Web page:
Last weekend we were invited out again with Huan and her husband to go camping. First of all the three of us went to a banquet with Big Ben (an intensely annoying English teacher) with some teachers provided by the parents of one of the students. The teachers got started early and forced glass after glass wine upon us. We had another delicious banquet and started to decline more wine and toasts towards the end of the meal. Unfortunately the Chinese are exceptionally difficult to deter when it comes to alcohol unless you're literally passed out under the table and after ganbei-ing a few more glasses we made it out. We wobbled slowly home on our bikes and had ten minutes to pack for the camping trip. We made it back to the car and spent the 2 hour window vaguely smiling out the window and occasionally giggling at nothing. We passed many of the other campers as we drove there - it seems Huan's husband is part of some kind of camping/cycling/outdoor club and everyone else was biking the mountain trails to the destination. We were shown into a small rural stone yard when we arrived where we were left to sleep for a bit until the others arrived. They let us have a ride on their pretty sweet mountain bikes and we whizzed down the mountain for a while. Then we had to bike back up the mountain which was hard work and when we reached the top we were taken through a tiny mountain village of rural farms and led to a patch of ground for camping. Everyone whipped out tiny little tents and we helped to set up the campsite before sitting around again waiting for dinner. After some time, we were taken back into the tiny village and into a small barn where tables were set up with plenty of dishes. We were honoured with the most important seats, the ones facing the door and sampled the beautiful dishes they had laid out for us. As a mark of respect we were once again ganbeied multiple times and kept supplied with beer and once we'd eaten our fill we went back to the camp sight. The place had been transformed and now a barbeque was set up (everyone was stuffed from the banquet but the Chinese love to eat). Someone had brought along a large set of speakers and a laptop and Chinese dance tunes were blasting out. Some people got up and started dancing and Rob and I added to the excitement by dancing manically to 'Gangnam Style' twice over. I followed up this act by fetching the guitar they'd asked me to bring and played a couple of songs through a microphone. The performance was awful because the sound lagged and I was a little drunk but then again so were my audience and because I'm foreign I reckon I could have got away with screaming down the mic then throwing the speakers into the mass of tents. Other interesting points of the evening were the toilet - literally planks of wood laid across a stream with one plank missing in the middle. The appearance was topped off with a falling to pieces, rotting wood shelter and a filthy mud bank wall. The occasional rat scurrying across the floor finished off the experience and the ripe smell of the pig next door added extra delight to this treat for the senses. We were woken early next morning and given cups of hot water to drink. Up to this point I had been impressed - my impression of the Chinese was that they weren't adventurous at all (Huan had been very worried about us going camping because she thought it was too dangerous… I tried to explain it was one of the more comfortable camping experiences I'd had and that yes we still thought the weather was warm). These guys did mountain biking, camping, drinking and partying in a mountain field. My opinion fell a little when they decided against climbing the mountain they were intending to go up because of the tiniest bit of drizzle. It literally wasn't even raining or cold but they called it off and I saw their native Chinese spirits deep inside them once again.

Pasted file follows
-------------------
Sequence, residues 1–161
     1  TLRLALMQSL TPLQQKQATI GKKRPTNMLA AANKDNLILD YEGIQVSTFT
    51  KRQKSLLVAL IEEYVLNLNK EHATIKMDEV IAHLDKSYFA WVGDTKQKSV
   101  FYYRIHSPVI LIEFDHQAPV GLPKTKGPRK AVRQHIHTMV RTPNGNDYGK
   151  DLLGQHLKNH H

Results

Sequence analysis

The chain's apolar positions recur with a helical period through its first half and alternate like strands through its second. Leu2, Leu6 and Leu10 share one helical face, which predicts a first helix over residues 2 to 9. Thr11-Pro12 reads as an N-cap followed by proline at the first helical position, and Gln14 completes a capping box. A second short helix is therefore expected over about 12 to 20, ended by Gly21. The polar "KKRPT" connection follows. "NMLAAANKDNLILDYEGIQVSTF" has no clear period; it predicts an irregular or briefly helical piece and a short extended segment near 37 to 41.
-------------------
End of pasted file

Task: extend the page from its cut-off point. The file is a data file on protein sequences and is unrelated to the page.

I can't think of anything else we've done recently… there must be loads more I'm missing! This post's getting pretty long anyway and when I remember more stuff I'll add it onto a later post if it's interesting enough.